Tuesday, 31 March 2009

31 March

As another calm and sunny day dawned, the mist nets at Cristin were opened in anticipation of a sizeable incursion of warblers and other small migrants. Alas, such a fall never came and this was in fact one of the quietest days for migration of the season so far. A White Wagtail, a Blue Tit, a flock of seven European Goldfinches and a Redwing were the only different birds to arrive in the morning. In the afternoon a solitary Sand Martin flew south and three Jack Snipe were found. The pod of Bottlenose Dolphins was seen again from the south end of the island. A Dotted Border in the moth trap turned out to be an addition to the island’s fauna.

Dotted Border 31 March 2009 - new to the island. © Richard Else

30 March

Two Bar-tailed Godwits heard during the small hours of the night seemed to have been attracted to the lighthouse. In the morning a small fall of migrants had taken place. 62 Northern Wheatears were around the Narrows and four Barn Swallows passed through during the morning, while the gardens and gorse of the island held 81 Common Chiffchaffs, 16 Willow Warblers, 13 Blackcaps, 17 Goldcrests, 29 Redwings and at least eight Coal Tits. A Black Redstart and a Eurasian Collared Dove were also present.

29 March

Calm, sunny weather returned at last, although it didn’t bring an instant influx of delayed migrants to the island. Most of the action seemed to take place offshore, with a Great Northern Diver, two Red-throated Divers, a Sanderling and the year’s first Atlantic Puffin seen passing by, along with a pod of at least eight Bottlenose DolphinsOn the land a couple of new Coal Tits, a Eurasian Siskin, 11 Northern Wheatears and four Common Buzzards were seen.

28 March


The very strong wind made census work difficult, but nevertheless a few noteworthy sightings were made. Most small migrants had clearly suspended their northbound movements in such difficult conditions, but several small, resolute parties of Meadow Pipits were seen over the sea, battling into the wind. A Grey Heron arrived in the morning and a drake Red-breasted Merganser was seen flying around Henllwyn before departing back out to sea.

27 March

Another rather breezy day with few new birds was enlivened somewhat by the finding of a first-winter Glaucous Gull in the afternoon. A Red-throated Diver was offshore and a single Black Redstart was seen. A series of high tides over the last few days has provided opportunity to count the roosting waders that are often so difficult to find on the island’s craggy coasts. Up to 22 Purple Sandpipers, 38 Ruddy Turnstones, 20 Common Redshanks, seven Eurasian Curlews, two Whimbrels and 107 Eurasian Oystercatchers have been present.

26 March

The morning was again very windy, making what few sheltering passerine migrants that may have been present very difficult to find. As the weather calmed in the afternoon though, a small amount of passage of Common Chiffchaffs and Goldcrests was observed. A flock of 27 Red-billed Chough was the largest of the year so far, many of them no doubt being visitors from the mainland. The only really notable sighting of the day was a pair of Sandwich Terns flying down the west coast; the earliest ever spring record for the island by two days.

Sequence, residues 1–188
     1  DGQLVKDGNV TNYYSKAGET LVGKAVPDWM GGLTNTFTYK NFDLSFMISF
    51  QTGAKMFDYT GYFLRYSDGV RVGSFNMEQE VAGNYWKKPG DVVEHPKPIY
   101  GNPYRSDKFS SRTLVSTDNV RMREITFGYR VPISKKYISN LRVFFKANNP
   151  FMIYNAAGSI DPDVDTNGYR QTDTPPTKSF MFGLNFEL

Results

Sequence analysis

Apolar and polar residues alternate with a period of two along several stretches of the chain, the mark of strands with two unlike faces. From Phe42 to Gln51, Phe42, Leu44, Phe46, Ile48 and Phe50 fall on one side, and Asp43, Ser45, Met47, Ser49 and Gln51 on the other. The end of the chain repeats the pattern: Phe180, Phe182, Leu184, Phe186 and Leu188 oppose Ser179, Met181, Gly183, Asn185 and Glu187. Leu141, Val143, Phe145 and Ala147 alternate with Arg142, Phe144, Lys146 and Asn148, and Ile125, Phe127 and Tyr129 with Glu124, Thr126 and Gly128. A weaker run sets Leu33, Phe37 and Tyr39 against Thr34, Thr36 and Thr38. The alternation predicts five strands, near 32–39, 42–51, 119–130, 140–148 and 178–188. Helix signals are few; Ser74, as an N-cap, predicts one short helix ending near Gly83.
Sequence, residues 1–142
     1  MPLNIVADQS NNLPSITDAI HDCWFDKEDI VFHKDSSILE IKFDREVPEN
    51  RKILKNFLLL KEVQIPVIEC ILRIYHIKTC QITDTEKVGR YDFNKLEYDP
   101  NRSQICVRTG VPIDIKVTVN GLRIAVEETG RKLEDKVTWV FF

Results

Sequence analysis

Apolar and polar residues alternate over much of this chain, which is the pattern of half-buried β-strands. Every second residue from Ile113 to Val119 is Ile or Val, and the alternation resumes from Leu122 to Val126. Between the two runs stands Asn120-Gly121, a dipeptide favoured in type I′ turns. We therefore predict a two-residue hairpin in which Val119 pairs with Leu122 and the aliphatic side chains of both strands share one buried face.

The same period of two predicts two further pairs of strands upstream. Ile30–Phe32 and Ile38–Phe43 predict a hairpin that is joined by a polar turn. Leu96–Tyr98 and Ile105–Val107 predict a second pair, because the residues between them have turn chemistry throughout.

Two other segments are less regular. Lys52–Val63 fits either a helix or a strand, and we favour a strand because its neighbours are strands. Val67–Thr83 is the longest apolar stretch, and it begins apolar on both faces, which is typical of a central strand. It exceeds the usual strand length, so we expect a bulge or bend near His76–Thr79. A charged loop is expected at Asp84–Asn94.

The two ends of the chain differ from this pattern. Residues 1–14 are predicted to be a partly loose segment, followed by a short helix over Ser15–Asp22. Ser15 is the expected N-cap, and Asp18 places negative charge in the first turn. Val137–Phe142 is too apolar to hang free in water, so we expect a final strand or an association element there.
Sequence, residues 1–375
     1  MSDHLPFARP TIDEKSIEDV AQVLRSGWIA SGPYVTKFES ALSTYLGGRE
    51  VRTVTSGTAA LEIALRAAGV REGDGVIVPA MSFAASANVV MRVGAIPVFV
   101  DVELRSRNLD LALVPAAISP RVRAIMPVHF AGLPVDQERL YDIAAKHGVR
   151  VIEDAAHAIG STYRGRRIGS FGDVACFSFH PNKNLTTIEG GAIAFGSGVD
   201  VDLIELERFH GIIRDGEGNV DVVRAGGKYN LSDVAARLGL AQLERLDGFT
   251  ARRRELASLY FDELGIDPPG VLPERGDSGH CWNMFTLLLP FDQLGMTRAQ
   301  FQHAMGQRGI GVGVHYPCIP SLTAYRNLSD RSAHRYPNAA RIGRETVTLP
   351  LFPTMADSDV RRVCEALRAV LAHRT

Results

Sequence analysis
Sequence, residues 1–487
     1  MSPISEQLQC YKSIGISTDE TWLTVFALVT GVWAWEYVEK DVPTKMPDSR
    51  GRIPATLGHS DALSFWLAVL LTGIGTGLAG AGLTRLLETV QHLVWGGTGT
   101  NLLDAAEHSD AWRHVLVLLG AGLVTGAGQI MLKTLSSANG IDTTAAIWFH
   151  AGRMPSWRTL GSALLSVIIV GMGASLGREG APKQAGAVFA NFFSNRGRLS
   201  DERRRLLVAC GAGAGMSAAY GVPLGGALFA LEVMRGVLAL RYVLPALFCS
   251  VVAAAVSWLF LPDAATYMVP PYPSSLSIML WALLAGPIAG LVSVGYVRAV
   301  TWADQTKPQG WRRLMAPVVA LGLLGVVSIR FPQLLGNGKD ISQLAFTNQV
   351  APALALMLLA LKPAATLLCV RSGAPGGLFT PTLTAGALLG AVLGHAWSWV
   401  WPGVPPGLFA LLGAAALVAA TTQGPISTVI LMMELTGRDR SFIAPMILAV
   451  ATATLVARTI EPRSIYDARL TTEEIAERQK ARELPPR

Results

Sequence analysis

Early Grey trapped at Cristin - 26 March 2009 © Richard Else

25 March

Very little, if any migration was in evidence, with a single Black Redstart apparently the only newly-arrived bird counted during the blustery daily census. A thorough stomp around the marshy lowland fields in the evening revealed at least three Jack Snipe and six Common Snipe.


Marshy lowland fields held both Jack Snipe and Common Snipe - 

25 March 2009 © Steve Stansfield

24 March

New arrivals were thin on the ground, with just Five Northern Wheatears arriving on the narrows and the counts of Goldcrests and Common Chiffchaffs increasing to 22 and seven respectively. Meadow Pipits were slightly more in evidence than the previous day, with 84 counted. Lingering birds included the Coal Tit, a Jack Snipe, and a Merlin. Manx Shearwaters were back in the colonies in numbers after dark and several were ringed.

23 March

The northerly wind picked up further and the day was dull with some rain in the afternoon. New migrants were thin on the ground, with a big drop in the number of Meadow Pipits from previous days particularly noticeable – only 35 were present. Bird of the day went to the first Grey Wagtail of the year. A Red-throated Diver flew past the North of the island, and a single Black Redstart was seen.  Birds remaining from earlier in the week included a Coal Tit, five Common Chiffchaffs, ten Goldcrests and a Sky Lark.

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